Is the contract I have with the "mastertenant"/"sublandlord" null if her original contract with the landlord prohibits subleasing?

Asked by BLitman, San Francisco, CA Wed May 30, 2012

I want to sublease a room, but am weary about putting down a deposit when I dont know what the original state of the place was

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Peter T. Chin’s answer
Peter T. Chin, , San Francisco County, CA
Wed Jun 6, 2012
The short answer is no.....however, it depends on the wording of the contract you have with your roomate/mastertenant.

Most landlords have a clause either prohibiting assignment or subletting or limiting it under special circumstances.

Landlords will serve a notice 6.14 to allow any rent increases to avoid further rent control on revolving tenancies from subleeasees.

Roommates/mastertenants will serve a different notice called 6.15 to allow them to kick you you or evict without cause thus avoiding the eviction control under SF Law imposed on all SF landlords.

A lot depends on whether these notices were served correctly and timely and on each and every situation (there are a lot of different situations).

As most everyone knows, Realtors are not attorneys and cannot give legal advice.

Realtors, with property management experience (like myself), can only give practical advice without making interpretations of the law.

I feel that it's important that any transaction dealing with the complicated and Voluminous Rent Ordinance (SF Admin Law 37.9) should be handled with an experienced individual.

Good luck,

Peter T. Chin Realtor #01866332
415-863-7500
1 vote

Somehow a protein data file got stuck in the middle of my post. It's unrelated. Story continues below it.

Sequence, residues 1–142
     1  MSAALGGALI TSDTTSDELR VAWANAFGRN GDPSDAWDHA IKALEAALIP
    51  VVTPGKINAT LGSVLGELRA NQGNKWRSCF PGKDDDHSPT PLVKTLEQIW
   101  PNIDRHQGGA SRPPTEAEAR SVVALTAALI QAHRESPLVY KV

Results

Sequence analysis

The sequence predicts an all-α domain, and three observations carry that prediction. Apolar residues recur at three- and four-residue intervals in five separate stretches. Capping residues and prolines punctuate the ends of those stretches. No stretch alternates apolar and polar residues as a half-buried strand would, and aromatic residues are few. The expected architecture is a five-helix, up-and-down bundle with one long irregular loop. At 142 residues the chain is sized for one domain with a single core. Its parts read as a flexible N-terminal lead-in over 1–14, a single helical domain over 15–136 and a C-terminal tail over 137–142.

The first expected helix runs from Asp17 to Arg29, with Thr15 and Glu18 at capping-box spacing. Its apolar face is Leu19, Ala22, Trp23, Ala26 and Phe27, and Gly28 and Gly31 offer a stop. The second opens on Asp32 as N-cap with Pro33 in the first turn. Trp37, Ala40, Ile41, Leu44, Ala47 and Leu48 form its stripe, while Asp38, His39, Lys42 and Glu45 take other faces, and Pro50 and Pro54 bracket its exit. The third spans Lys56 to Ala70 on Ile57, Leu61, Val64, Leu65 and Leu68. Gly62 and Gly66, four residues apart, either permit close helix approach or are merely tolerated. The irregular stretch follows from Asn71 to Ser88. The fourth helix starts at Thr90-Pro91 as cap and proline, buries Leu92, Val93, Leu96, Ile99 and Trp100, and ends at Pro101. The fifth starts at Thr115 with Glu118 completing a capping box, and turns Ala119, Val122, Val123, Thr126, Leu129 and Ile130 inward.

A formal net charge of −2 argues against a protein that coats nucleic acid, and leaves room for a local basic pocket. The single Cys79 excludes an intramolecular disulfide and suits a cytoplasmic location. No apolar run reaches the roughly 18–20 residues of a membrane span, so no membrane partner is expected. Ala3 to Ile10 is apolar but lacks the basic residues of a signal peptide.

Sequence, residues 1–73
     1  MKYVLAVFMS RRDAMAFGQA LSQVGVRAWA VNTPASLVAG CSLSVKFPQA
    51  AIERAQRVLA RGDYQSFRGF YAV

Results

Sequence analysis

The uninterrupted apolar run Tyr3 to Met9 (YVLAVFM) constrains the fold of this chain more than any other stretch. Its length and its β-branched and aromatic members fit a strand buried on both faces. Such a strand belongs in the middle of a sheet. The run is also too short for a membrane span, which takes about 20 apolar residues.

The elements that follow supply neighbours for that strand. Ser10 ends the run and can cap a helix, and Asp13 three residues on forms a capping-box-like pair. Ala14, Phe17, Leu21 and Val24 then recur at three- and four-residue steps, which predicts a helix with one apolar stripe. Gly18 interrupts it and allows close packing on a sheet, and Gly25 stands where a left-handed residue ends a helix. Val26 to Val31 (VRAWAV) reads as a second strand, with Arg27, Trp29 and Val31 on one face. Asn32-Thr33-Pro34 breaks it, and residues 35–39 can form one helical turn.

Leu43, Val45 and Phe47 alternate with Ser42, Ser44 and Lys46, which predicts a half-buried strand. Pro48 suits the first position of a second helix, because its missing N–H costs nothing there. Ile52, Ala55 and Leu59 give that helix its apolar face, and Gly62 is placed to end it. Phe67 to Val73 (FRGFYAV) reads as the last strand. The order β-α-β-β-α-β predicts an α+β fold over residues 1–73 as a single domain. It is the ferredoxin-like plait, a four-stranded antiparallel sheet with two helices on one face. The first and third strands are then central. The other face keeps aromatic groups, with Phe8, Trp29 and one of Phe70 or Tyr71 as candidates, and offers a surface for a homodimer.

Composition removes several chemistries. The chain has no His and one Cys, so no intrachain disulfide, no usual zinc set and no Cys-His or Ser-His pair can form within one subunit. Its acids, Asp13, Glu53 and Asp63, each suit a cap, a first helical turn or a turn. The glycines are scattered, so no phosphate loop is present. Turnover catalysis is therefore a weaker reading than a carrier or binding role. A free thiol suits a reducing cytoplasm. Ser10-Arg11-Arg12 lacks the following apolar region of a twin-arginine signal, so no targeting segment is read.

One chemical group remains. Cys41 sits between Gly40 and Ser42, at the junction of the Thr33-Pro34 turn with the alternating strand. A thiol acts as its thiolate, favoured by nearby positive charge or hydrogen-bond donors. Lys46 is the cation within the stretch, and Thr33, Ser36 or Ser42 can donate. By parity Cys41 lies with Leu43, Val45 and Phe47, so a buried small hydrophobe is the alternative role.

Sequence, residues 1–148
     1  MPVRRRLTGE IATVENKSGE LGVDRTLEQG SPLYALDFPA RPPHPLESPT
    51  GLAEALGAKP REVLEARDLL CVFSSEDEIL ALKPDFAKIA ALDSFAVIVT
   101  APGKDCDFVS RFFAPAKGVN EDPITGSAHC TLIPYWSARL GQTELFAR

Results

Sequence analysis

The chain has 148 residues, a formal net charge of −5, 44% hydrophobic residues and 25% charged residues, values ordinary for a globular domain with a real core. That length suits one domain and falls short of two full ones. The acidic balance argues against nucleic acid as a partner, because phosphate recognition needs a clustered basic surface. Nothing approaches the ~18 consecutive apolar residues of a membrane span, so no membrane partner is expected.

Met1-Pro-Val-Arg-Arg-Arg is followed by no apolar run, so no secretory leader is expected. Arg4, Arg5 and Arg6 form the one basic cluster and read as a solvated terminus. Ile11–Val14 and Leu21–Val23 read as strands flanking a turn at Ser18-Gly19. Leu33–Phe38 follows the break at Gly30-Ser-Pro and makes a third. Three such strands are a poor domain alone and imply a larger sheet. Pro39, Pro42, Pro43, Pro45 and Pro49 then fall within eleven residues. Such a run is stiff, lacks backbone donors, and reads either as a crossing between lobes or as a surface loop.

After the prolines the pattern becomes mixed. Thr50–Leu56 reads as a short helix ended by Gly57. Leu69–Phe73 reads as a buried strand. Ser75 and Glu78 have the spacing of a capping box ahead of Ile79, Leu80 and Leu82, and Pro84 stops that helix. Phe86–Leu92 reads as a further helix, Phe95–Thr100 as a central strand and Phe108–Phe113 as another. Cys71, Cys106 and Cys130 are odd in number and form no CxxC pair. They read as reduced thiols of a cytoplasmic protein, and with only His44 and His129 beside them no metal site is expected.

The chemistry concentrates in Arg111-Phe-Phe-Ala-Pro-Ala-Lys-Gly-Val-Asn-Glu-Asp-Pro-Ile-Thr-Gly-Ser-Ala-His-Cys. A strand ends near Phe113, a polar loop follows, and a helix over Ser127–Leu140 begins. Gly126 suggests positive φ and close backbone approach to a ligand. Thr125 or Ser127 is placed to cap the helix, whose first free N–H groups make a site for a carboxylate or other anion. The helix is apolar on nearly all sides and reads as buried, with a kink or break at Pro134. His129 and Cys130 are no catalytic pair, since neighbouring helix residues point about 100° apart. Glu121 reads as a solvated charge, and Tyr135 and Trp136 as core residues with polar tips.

Mark Thomas, Agent, Oakland, CA
Thu May 31, 2012
I'm a landlord myself, and as a few of the others have suggested, you need to either read the original lease agreement or check with the landlord before signing a sublease. Because if the original lease does not allow for subleasing, and you move in, then both you and the master tenant could be evicted. Shouldn't take more than 10 minutes of your time, and will save you lots of headaches later on.

Mark Thomas
ReasLo
"Automation of the entire real estate process"
http://reaslo.com/
0 votes
Jim Simms, Mortgage Broker Or Lender, Louisville, KY
Thu May 31, 2012
I can’t tell if you are already a subtenant trying to lease out a room or if you are trying to rent a room from a subtenant. Either way, make sure the property owner is up to speed on what you are trying to do, good luck,

Jim Simms
NMLS # 6395
JSimms@cmcloans.com
Financing Kentucky One Home at a Time
0 votes
Helen Yuen, Agent, Oakland Ca 94605, CA
Thu May 31, 2012
Hi: You need to actually check with the landlord.
Why is the person subleasing if it is not OK in the contract to do so?

If it's not clear, ASK THE LANDLORD ... and not risk being "asked to leave unexpectedly".

It's even possible you all get evicted if the lease prohibits subleasing but that is up to the discretion of the landlord, on the other hand, you can sign your own contract with the landlord if everyone
agrees.

Helen Yuen, Land & Property Investments, Inc (415) 469-0577 helenyuen@lpirealtor.com
INVEST * HOME SEARCHES * HOME VALUES in YOUR NEIGHBORHOOD
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